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345. The Alarm – Where Were You Hiding When The Storm Broke?

It was The Alarm more than any other band, I think, that focused my brother’s attentions on records which were…well, let’s say more critically acclaimed shall we?

But first, two more bands that I remember compilation albums appearing amongst his burgeoning record collection. Neither need any introduction:

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346. The Rolling Stones – Get Off Of My Cloud

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347. The Jam – Down in the Tube Station at Midnight

I don’t recall which of these albums first surfaced on The Playroom’s record decks (ha! like it was anyway near as cool in there as that sounds), what I do know is that a) I have recently bought both of these albums on vinyl myself, and b) shortly after The Jam album appeared I remember laughing at my brother for wearing white socks, the only mod accessory one could get away with at our school. Still, at least he didn’t steal them, of if he did, he wasn’t dumb enough to get caught. Ahem.

But these were the first shoots of liking more credible records, for very soon, we were fully into stage three, where he has resided ever since.

The Road to Redemption

There’s only one place to start. The Alarm’s haircuts may have influenced his for many years afterwards, when he could get away with it, but it was the dress sense and image of one of the Sex Pistols that most captured his imagination. He was told many times that he looked like this sneerer, which I’m pretty sure always thrilled him, however indifferent he may have appeared to look.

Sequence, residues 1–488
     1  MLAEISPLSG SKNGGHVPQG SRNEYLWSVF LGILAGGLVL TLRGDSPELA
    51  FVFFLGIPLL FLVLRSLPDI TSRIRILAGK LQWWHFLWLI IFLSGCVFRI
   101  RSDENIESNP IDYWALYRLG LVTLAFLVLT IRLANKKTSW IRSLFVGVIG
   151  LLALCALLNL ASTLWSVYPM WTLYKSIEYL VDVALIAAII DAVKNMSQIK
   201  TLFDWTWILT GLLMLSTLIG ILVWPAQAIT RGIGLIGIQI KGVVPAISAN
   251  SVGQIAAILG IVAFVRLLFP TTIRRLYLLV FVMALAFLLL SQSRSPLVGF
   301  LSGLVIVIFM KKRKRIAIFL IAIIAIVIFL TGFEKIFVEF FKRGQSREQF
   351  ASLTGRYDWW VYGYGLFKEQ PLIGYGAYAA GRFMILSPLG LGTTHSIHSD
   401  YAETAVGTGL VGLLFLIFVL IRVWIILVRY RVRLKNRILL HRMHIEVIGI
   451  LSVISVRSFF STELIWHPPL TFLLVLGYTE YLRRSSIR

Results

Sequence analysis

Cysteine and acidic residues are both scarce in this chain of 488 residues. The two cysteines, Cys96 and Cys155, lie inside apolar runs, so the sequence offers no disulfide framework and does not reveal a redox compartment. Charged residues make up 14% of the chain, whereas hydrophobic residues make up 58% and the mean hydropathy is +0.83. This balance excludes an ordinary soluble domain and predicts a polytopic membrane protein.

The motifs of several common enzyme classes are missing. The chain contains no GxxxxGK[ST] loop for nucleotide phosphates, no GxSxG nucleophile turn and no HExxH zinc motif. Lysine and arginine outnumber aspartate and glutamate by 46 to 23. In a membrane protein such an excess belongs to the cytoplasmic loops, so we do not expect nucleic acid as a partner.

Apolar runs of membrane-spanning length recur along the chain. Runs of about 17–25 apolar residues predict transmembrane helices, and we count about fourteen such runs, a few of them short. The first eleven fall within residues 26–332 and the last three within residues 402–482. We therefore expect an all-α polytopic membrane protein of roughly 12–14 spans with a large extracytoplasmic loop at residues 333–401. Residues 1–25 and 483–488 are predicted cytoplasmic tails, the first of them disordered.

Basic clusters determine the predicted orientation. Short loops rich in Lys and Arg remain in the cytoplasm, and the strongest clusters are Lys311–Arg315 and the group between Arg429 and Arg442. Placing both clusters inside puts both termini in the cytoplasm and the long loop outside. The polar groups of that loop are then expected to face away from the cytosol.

It’s credited to Sex Pistols, but make no mistake, released in 1978 as the band were imploding, this is a Sid Vicious record in everything but name:

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348. Sex Pistols – My Way

And so, with his black hair sprayed vertically, skinny black jeans with black studded belt and black winkle-pickers or occasionally cowboy boots (which, if memory serves, were brown when he bought them, unable to source a black pair, and which he spent several hours glossing over with a tub of Kiwi black polish and an oily rag), there was only one place he was going to go next:

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349. The Sisters of Mercy – Alice

And of course, this lot, who we are both unified in our admiration of, so it seems appropriate this song occupies the 350th slot in this section:

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350. The Jesus & Mary Chain – You Trip Me Up